Theater of the Sea is home to many animals who have been rescued, rehabilitated, and deemed non-releasable for a variety of reasons. These animals often require specialized long-term care and treatment that is funded through patronage alone.
SEA LIONS (Zalophus californianus)
Bella is a female California sea lion who stranded on a California beach as a pup and was rescued and rehabilitated by the Marine Mammal Care Center in San Pedro, California. She was diagnosed with a neurological condition affecting her cerebellum which causes her to constantly weave her head. In October 2009, Bella was flown on a Fed Ex plane from LAX to Miami, Florida and then driven to Theater of the Sea.
Malibu & Monica
Malibu and Monica are female California sea lions who stranded during the Unusual Mortality Event that resulted in emaciated, dehydrated, and underweight California sea lions stranding along the California coastline between January 2013 and September 2016. Malibu stranded on Malibu Beach. Monica stranded on Santa Monica Beach. Both animals were rescued and rehabilitated by the Marine Mammal Care Center in San Pedro, California. Malibu and Monica arrived at Theater of the Sea on Jan 5th, 2016.
Aphrodite is a female Green sea turtle (Chelonia mydas) who was found stranded on Conch Reef in Key Largo, September 10, 1991, when she was only about the size of a dinner plate. She was entangled in fishing line. By the time she was found, gangrene had already begun to set in so her flippers had to be amputated in order to save her life. Theater of the Sea provided her with a permanent home and she has grown to nearly 300 pounds. She plays an important role in educating guests about the dangers of marine debris.
Christmas is a female Hawksbill sea turtle (Eretmochelys imbricata) who was found stranded near Sugarloaf Key on December 25, 2006. She was taken to the Turtle Hospital and diagnosed with a buoyancy disorder that caused her to float at the surface of the water. Lead weights were attached to her shell to allow her to breathe and dive more normally and she arrived at Theater of the Sea on August 9, 2007.
Jahna is a female Green sea turtle (Chelonia mydas) who was rescued from the beaches of St. Croix in the U.S. Virgin Islands on September 8, 2003. After going ashore to lay her nest of eggs, Jahna was attacked by a pack of feral dogs. Since sea turtles can’t retract their head and flippers into their shell, the dogs did extensive damage to her flippers, neck, and eyes. She underwent surgery for her injuries, but sadly her eyes could not be repaired and had to be removed. Jahna underwent months of rehabilitation at the Turtle Hospital before Theater of the Sea took her in on January 14, 2004. Despite her visual handicap, Jahna is thriving by relying on her senses of hearing and touch. She responds to the source of underwater sound cues which alert her that food is available, and guides herself around the pool’s edge through touch and mentally mapping landmarks in her habitat. Jahna is a calm, gentle sea turtle with an inspiring will to survive, and is a shining example of how animals can overcome disabilities just like people.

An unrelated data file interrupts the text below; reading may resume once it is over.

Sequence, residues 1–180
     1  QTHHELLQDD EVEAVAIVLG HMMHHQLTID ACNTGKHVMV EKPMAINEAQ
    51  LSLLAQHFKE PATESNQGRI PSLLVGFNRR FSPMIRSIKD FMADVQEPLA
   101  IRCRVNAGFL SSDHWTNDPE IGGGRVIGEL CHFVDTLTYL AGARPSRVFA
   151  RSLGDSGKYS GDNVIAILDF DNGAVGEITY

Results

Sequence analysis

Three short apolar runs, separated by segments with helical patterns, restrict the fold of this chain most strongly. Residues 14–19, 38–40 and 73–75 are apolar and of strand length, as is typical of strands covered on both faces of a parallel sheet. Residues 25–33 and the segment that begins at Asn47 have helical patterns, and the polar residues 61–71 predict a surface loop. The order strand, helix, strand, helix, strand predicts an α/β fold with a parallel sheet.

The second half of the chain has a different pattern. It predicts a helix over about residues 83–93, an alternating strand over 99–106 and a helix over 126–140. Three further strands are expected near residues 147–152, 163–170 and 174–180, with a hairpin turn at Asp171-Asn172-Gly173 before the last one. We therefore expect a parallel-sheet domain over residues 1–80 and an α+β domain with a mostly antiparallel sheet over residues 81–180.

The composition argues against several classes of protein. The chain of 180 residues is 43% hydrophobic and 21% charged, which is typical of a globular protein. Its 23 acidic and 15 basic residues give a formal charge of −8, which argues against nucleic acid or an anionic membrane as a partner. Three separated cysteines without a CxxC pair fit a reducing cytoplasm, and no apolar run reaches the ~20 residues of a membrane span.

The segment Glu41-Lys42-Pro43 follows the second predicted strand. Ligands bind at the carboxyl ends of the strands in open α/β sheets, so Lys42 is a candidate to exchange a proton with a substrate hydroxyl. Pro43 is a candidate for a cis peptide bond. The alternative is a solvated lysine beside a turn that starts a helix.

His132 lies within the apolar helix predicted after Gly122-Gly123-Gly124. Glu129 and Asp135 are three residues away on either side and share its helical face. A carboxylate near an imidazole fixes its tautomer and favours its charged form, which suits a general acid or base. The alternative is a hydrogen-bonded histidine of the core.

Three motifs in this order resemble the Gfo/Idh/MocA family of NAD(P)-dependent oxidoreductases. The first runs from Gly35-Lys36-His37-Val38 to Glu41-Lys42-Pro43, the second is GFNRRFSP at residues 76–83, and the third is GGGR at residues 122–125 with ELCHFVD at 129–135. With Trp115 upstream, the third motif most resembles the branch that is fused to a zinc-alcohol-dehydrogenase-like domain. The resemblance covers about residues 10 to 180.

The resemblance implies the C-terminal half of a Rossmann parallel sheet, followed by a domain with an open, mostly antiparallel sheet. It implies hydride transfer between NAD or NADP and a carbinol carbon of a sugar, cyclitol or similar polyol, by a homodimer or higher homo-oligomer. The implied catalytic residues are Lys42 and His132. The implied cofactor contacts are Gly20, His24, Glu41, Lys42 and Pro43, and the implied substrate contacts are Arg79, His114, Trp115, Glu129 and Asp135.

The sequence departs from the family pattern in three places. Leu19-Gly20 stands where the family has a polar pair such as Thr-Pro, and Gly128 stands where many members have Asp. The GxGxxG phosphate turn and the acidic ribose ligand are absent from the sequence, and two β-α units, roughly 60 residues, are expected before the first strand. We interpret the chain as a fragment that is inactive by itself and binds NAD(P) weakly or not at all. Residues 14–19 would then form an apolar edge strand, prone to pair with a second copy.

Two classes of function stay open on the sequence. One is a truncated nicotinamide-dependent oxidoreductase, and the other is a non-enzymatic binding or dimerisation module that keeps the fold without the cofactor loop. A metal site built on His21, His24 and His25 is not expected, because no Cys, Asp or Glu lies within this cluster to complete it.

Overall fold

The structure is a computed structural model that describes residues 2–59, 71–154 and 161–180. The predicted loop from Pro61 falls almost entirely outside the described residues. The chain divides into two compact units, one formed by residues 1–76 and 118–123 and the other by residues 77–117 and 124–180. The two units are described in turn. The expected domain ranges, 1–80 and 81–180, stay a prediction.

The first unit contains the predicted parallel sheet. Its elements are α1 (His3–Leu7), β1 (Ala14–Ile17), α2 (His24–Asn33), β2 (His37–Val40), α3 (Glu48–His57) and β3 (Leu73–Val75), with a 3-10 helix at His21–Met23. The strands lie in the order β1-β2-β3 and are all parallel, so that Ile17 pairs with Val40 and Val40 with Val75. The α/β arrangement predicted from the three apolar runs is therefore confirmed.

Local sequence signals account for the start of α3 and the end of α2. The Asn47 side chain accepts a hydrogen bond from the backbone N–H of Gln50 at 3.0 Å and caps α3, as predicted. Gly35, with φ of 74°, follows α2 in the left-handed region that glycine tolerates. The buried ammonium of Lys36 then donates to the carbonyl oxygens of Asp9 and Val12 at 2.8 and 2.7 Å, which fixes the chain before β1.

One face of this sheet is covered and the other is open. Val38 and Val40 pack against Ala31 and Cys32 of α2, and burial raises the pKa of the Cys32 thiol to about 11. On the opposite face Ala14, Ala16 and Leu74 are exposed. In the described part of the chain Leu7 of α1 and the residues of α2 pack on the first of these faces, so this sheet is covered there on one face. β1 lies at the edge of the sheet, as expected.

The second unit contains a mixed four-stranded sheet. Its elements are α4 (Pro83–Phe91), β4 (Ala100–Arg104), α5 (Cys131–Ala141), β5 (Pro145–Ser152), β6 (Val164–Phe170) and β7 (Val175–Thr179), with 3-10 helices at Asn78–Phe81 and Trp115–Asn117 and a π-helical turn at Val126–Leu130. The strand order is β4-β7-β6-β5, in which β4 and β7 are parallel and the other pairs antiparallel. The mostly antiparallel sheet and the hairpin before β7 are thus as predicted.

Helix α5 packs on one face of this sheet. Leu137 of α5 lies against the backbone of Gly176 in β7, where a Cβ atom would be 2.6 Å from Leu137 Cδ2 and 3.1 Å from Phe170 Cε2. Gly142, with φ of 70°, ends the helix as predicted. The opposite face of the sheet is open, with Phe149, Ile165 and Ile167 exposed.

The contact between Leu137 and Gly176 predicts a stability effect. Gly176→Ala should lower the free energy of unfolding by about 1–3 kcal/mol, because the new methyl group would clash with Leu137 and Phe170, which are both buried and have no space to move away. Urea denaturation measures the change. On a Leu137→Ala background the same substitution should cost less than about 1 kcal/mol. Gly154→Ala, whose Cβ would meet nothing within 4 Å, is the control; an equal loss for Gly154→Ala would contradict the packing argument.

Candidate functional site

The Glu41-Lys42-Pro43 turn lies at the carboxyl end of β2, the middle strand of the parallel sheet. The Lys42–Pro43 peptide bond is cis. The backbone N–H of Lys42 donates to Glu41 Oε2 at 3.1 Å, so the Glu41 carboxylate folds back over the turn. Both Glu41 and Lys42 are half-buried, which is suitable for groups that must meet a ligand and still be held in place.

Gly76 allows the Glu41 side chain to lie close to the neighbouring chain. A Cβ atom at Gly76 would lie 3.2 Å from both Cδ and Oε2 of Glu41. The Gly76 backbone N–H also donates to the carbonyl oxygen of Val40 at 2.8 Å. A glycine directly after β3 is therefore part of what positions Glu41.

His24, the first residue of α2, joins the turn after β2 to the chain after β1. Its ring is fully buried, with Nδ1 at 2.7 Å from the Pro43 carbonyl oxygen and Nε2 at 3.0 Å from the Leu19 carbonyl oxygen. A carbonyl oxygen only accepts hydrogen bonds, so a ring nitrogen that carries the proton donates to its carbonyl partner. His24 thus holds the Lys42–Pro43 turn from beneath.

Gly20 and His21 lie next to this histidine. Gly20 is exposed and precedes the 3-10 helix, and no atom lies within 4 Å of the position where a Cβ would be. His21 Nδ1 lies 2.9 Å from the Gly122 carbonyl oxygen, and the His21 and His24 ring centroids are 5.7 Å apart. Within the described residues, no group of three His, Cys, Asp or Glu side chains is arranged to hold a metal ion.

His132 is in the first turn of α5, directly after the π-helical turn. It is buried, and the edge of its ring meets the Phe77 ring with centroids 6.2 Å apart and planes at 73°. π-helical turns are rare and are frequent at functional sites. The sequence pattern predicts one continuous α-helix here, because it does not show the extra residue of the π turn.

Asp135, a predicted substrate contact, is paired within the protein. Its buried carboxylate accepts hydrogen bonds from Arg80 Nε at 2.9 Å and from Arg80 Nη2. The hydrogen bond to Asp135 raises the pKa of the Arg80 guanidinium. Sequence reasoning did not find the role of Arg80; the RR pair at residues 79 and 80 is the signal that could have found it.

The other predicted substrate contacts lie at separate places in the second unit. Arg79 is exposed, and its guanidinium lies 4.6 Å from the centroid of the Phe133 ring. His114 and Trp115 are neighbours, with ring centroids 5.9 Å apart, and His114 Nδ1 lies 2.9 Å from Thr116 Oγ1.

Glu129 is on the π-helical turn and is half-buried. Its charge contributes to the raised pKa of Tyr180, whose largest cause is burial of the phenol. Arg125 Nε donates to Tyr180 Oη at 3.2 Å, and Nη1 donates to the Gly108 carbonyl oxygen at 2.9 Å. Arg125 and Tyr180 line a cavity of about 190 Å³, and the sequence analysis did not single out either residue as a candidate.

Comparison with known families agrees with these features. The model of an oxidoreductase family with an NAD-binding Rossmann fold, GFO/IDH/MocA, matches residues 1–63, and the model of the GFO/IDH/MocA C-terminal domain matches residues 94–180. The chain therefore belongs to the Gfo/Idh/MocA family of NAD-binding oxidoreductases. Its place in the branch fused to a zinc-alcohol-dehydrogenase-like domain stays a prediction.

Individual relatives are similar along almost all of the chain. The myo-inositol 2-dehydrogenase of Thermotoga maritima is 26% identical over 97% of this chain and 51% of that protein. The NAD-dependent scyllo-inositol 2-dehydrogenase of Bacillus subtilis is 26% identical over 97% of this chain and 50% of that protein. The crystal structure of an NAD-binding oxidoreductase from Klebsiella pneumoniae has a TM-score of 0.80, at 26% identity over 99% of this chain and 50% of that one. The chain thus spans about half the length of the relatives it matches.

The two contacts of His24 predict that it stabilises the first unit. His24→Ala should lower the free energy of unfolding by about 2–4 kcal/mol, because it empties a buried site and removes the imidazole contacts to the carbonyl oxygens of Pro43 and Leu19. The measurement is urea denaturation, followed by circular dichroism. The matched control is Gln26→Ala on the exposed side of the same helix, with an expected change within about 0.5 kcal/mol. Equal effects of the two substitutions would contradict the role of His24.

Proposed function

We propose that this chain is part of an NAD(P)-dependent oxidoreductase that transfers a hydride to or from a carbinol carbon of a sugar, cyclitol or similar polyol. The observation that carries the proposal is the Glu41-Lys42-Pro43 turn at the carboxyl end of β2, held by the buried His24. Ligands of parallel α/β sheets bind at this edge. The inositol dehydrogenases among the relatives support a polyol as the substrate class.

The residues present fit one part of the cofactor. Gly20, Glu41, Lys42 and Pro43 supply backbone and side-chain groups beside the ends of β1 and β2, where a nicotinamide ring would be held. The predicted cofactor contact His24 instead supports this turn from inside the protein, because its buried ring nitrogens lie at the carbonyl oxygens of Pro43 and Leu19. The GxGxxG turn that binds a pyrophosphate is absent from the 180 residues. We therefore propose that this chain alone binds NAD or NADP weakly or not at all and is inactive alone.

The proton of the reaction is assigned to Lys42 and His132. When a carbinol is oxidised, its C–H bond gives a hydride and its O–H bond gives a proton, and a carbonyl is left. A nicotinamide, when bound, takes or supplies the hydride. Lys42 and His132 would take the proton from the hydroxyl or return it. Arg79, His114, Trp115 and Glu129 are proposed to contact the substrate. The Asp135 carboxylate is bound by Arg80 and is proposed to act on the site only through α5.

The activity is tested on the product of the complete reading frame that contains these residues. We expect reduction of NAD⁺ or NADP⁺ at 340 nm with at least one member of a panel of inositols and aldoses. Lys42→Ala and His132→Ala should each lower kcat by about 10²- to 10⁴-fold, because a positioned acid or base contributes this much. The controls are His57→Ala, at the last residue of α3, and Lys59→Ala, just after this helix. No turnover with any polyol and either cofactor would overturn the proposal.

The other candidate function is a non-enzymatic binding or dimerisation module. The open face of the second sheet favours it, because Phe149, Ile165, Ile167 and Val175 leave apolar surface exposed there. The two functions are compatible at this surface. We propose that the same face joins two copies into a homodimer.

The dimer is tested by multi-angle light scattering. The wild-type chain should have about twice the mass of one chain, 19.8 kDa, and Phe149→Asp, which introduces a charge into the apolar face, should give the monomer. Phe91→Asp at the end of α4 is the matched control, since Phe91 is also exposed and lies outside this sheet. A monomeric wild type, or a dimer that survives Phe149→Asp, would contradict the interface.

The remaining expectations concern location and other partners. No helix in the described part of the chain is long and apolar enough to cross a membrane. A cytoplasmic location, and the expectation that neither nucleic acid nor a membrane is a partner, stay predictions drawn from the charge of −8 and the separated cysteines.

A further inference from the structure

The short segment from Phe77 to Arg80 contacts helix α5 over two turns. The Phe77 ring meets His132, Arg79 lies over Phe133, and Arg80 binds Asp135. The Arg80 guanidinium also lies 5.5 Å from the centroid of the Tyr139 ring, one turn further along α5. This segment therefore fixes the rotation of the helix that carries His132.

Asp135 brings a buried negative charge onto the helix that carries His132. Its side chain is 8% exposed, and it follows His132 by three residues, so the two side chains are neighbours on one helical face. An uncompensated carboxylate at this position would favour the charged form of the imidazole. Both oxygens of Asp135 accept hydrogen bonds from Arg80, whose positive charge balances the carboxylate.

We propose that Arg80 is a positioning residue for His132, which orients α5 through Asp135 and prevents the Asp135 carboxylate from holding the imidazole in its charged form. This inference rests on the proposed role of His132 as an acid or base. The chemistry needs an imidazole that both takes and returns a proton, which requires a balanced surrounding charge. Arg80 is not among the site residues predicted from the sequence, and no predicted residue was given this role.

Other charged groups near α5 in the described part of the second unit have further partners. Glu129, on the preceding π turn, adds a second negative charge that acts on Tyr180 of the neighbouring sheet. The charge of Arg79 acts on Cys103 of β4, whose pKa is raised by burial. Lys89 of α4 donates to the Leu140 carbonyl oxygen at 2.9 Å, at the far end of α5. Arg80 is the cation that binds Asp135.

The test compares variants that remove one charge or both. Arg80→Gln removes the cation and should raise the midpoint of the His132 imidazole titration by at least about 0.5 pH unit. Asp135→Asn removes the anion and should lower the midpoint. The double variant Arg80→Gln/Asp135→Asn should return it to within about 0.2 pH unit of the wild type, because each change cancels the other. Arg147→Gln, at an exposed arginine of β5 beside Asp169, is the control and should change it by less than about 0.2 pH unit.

Henry is a Green sea turtle (Chelonia mydas) who has resided at Theater of the Sea since 1999 due to visual deficits. He enjoys attention, basking in the sun, and eating.
Theater of the Sea houses 3 rescued crocodilians. As with all of our animals, we utilize training and enrichment with our crocodilians, which:
- shows our guests the true nature of these amazing creatures.
- gives a deeper understanding into their personality.
- helps dispel the negative view the public has about reptiles.
- reduces aggression.
- makes habitat upkeep easier.
- creates positive relationships between the animals and care givers.
- facilitates better husbandry practices.
- provides physical and mental stimulation.
Piper is a male American alligator (Alligator mississippiensis) who was rescued from an unsuitable home in Colorado by Dr. Kevin Fitzgerald of Animal Planet. He was relocated to Theater of the Sea in June 2008 when he was just 4 pounds.
Alley is a female American alligator (Alligator mississippiensis). Theater of the Sea offered to give her a home in 1995 when the owners of a tee shirt shop who had raised her as a pet could no longer care for her as she reached adulthood.
Igor is a male American and Cuban hybrid crocodile (Crocodylus acutus). He was struck by a boat propeller which left his tail severely damaged. Although completely healed, he cannot be released because he is a hybrid. He was cared for by the Miami Metrozoo until he was moved to Theater of the Sea in July 2008.
Zilla is a Green Iguana (Iguana iguana). She was given to Theater of the Sea to care for because she has no eyes.
Iguanas are very popular in the pet trade. Unfortunately, this is their downfall. They are often not cared for properly and will either die within a year, long before their normal lifespan of 20 years, be taken to reptile rescue groups, or be released into the wild. This is how they found their way into the Florida Keys. They are an invasive species in Florida which means their numbers have increased rapidly and they are detrimental to the growth of indigenous plants and displace native animals.